That’s what Lightweight did to the BMW M4 and the German sports coupe looks and performs much better for it. I’ll even venture a guess that it’s got a much clearer throat for its 3.0-liter V-6 engine’s increased output. Just a hunch, although the proof does lie in the details, right?

The complete modification comes with a steep €89,000 price (that’s about $114,000 as of 9/23/2014), but it should be well worth the purchase considering what the M4 will be capable of after getting fitted with Lightweight’s aftermarket program.

Click past the jump to read more about the BMW M4 By Lightweight.

The situation is looking pretty dim for Lotus as the automaker will stop selling the Evora , its only road-legal model in the U.S. This comes after Lotus recently announced plans to “restructure it worldwide workforce,” and that 325 jobs were on the line. What departments those job cuts will come from is still a mystery, but in a workforce that only numbers 1,200, that’s a serious cut.

The Evora’s demise comes thanks to its lack of smart airbags, a requirement for all road-going, U.S.-spec vehicles. While that federal requirement took effect in 2014, Lotus was granted a 12-month exemption from the clause, allowing the company to continue producing its two-seat coupe. With that exemption now expired, Lotus is forced to either re-engineer the Evora with the smart airbag system or discontinue production.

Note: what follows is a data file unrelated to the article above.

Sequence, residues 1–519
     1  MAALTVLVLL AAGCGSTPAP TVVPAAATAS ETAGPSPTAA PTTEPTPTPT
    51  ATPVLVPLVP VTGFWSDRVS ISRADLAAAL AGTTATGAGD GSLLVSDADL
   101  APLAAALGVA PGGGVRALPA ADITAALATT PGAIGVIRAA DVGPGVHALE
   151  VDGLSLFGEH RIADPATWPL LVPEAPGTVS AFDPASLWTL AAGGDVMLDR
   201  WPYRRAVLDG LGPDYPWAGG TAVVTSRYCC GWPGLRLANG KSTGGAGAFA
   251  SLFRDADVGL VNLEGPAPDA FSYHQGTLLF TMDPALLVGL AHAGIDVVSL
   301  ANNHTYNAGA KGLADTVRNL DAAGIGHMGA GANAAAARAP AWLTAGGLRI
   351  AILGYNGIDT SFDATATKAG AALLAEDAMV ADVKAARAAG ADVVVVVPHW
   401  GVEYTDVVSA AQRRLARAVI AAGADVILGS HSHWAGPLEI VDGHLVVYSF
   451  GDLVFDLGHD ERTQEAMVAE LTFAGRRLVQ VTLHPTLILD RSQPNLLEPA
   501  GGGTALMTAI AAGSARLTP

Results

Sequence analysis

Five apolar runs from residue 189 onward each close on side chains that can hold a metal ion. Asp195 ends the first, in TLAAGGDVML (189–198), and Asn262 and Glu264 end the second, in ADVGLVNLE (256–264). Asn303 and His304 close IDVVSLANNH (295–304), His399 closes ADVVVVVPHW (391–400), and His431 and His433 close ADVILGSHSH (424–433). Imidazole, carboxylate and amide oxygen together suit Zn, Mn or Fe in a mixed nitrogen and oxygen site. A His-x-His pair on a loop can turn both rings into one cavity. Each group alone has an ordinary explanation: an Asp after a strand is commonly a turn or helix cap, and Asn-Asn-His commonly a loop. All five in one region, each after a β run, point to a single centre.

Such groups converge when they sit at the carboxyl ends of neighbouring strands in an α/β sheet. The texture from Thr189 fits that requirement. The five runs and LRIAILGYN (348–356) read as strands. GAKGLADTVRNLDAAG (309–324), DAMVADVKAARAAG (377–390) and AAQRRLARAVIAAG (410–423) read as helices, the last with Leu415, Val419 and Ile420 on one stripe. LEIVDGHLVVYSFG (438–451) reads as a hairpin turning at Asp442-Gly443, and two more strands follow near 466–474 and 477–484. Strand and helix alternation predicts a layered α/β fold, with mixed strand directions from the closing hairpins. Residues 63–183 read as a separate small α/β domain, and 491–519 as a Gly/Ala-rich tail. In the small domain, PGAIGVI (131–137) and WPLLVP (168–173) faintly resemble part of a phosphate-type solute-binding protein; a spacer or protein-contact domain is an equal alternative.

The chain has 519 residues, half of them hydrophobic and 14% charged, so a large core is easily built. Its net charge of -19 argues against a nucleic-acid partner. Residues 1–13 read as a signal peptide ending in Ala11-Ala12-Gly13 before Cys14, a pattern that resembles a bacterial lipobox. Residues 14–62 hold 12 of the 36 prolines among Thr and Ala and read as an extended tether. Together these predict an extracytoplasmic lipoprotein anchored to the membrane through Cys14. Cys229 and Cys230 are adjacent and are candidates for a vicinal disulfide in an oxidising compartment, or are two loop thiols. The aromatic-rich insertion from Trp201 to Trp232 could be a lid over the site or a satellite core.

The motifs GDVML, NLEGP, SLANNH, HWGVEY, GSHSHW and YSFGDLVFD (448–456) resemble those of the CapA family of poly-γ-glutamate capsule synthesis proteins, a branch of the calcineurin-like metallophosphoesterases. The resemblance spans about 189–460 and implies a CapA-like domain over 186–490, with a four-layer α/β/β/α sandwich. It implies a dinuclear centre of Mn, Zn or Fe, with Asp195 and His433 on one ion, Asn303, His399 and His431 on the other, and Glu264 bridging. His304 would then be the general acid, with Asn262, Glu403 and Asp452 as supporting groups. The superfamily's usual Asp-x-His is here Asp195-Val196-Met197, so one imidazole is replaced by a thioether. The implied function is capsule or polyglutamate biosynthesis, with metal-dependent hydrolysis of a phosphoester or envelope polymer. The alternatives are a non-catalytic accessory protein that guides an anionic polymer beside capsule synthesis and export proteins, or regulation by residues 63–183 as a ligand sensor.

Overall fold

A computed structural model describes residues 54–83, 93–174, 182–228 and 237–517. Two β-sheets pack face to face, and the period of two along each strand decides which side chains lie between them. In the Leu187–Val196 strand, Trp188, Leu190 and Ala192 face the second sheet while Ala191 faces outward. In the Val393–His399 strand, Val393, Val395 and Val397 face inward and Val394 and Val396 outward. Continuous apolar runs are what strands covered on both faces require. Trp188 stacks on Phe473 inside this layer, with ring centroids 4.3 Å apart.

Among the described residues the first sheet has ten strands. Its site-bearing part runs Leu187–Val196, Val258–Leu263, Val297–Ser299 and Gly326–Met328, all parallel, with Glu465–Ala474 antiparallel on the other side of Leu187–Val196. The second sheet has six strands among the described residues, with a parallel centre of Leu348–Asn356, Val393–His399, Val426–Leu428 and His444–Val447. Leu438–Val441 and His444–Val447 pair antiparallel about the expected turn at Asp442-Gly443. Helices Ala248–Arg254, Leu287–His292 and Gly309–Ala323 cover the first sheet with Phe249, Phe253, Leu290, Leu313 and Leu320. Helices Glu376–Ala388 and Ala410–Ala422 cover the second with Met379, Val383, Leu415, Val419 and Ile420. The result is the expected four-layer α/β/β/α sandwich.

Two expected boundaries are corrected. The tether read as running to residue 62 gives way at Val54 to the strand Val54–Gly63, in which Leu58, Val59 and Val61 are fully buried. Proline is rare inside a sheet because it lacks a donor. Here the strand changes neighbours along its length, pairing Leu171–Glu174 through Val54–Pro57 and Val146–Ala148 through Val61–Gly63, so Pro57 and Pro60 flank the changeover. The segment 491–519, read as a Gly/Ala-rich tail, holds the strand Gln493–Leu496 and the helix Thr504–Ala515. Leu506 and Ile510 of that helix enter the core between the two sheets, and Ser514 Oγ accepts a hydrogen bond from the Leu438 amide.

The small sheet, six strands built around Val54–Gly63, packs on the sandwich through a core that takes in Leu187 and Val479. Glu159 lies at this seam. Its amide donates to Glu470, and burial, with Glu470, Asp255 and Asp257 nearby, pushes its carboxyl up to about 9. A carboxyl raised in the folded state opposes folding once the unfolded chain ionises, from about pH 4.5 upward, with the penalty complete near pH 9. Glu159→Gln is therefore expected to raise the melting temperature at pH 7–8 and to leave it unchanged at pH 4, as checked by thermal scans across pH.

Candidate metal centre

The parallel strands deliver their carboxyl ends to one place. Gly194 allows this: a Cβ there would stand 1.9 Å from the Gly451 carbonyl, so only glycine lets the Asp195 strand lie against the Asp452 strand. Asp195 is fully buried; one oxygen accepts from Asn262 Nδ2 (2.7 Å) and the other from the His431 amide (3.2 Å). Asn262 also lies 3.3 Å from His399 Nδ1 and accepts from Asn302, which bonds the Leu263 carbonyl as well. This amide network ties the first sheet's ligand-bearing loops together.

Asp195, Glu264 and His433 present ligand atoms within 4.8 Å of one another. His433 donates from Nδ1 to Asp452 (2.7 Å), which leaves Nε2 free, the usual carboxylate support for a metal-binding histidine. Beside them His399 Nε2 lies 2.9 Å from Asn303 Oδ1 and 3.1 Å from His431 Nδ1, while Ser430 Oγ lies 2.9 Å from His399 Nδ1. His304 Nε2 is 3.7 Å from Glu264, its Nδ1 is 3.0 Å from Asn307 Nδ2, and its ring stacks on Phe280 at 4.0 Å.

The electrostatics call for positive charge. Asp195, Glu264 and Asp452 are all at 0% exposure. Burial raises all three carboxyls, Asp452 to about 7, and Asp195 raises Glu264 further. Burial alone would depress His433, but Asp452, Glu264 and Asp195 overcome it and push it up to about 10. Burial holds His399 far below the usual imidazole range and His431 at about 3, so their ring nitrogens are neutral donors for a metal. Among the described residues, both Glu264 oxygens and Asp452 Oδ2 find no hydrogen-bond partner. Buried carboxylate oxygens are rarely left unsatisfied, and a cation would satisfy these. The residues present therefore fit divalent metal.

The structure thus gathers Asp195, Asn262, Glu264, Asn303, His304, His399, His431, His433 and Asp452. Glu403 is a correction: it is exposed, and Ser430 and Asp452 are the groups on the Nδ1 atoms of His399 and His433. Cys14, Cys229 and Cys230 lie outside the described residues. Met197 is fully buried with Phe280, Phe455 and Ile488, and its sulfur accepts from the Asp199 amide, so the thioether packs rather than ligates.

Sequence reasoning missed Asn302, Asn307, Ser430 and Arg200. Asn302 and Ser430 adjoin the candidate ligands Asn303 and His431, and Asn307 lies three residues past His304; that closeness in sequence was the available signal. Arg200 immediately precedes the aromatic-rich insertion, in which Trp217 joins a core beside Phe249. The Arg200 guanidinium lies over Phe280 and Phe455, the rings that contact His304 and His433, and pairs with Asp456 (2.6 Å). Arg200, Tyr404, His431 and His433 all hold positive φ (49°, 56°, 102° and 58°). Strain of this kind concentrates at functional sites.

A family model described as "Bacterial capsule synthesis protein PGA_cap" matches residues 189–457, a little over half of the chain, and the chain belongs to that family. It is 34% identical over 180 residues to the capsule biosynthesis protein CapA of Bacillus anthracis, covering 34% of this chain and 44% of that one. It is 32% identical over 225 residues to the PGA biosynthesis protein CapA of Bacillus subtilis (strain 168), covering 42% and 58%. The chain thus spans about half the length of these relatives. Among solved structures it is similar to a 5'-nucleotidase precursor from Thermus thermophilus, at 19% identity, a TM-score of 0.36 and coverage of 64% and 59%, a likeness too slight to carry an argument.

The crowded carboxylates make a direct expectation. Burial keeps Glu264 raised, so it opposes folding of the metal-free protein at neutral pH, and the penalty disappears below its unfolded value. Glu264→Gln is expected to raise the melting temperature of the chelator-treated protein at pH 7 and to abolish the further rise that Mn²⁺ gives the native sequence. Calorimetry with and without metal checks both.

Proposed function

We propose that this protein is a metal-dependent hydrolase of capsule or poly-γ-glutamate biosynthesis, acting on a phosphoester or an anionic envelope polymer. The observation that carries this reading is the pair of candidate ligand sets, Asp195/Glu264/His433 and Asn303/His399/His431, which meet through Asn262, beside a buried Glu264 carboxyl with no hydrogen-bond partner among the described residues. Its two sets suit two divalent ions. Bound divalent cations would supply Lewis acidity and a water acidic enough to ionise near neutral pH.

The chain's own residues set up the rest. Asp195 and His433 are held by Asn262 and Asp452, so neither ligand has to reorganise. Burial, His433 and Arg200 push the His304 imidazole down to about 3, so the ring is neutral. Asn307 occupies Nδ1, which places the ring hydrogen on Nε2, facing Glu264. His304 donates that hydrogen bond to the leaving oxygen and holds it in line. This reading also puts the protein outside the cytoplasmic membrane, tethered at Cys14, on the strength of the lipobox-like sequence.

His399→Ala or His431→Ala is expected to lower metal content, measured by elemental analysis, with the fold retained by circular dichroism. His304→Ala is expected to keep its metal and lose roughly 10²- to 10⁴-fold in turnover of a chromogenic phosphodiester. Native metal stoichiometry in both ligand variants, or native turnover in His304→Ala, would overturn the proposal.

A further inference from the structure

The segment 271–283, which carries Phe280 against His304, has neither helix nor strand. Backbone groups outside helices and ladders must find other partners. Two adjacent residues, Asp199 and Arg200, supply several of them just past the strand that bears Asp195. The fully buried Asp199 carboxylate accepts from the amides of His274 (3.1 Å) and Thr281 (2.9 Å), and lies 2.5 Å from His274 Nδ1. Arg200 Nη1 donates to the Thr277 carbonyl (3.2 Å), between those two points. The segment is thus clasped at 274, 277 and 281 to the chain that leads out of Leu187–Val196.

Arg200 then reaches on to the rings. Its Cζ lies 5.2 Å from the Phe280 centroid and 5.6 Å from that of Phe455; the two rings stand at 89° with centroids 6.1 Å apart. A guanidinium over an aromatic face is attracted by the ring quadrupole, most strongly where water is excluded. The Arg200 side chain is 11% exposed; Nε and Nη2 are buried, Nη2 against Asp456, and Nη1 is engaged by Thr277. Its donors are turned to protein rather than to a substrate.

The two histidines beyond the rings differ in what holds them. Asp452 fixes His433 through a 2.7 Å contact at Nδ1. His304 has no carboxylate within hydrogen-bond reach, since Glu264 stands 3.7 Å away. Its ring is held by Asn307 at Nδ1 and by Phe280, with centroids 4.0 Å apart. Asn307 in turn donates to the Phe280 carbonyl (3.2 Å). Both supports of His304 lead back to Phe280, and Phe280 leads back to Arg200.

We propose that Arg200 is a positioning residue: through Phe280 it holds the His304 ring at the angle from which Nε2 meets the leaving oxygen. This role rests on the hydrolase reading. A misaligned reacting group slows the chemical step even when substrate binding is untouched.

A “highly placed source in a U.S. dealer group” confirmed to Car and Driver that Lotus will not be reworking the car. Therefore, once the remaining stock of 2014 Evoras run dry, Lotus will be left selling its track-only variants of the Exige and Elise inside the U.S.

Click past the jump to read more about Lots Evora.

Source: CarAndDriver

Japanese luxury automaker Infiniti has revealed plans to expand its lineup by launching a competitor for the BMW 4 Series . Speaking to Top Gear at the opening of the company’s new automotive design facility in London, Infiniti chief creative officer Shiro Nakamura confirmed the manufacturer will introduce a brand-new two-door coupe by 2015. The new vehicle will be slightly larger than a BMW 4 Series, but smaller than the 6 Series , Nakamura added, hinting that the coupe could be a two-door version of the Infiniti Q50 .

"I want to make a two-door coupe. It’s coming, you’ll see it within one year. It’ll be a production version," the representative told Top Gear. Asked whether this 4 Series competitor will spawn a rival for the high-performance M4 , Nakamura admitted such a vehicle is also being considered, but it all depends on whether or not the Q50 Eau Rouge is approved for production. That’s right folks, the GT-R powered Eau Rouge could hit the street in coupe guise as well, but that might not happen very soon.

"We are still working on the Q50 Eau Rouge, and we don’t want to give up on that, but the business case is not that easy," Nakamura continued. Well, that’s not exactly confirmation, but as long as the Eau Rouge is still on the cards, we have reasons to hope the BMW M4 is getting yet another friend to play with.

Click past the jump to read more about Infiniti’s future BMW 4 Series competitor.

Source: TopGear

2014 was a sad year for Lancia. It’s when we found out Sergio Marchionne was planning to reduce the automakers lineup to a single model by discontinuing the Delta , and both the Chrysler -based Thema and Voyager. As if that wasn’t enough, the remaining Lancia Ypsilon will be sold only in Italy, which essentially means this Italian automaker is on a quick road to extinction. For me, a big Lancia enthusiast, that’s downright terrible. Sure, present-day Lancia is just a shadow of what it used to be, but that’s no reason to pull the plug on it and let it die. On the contrary, Marchionne should devise a plan to bring it back in the spotlight, much like he’s doing with Alfa Romeo .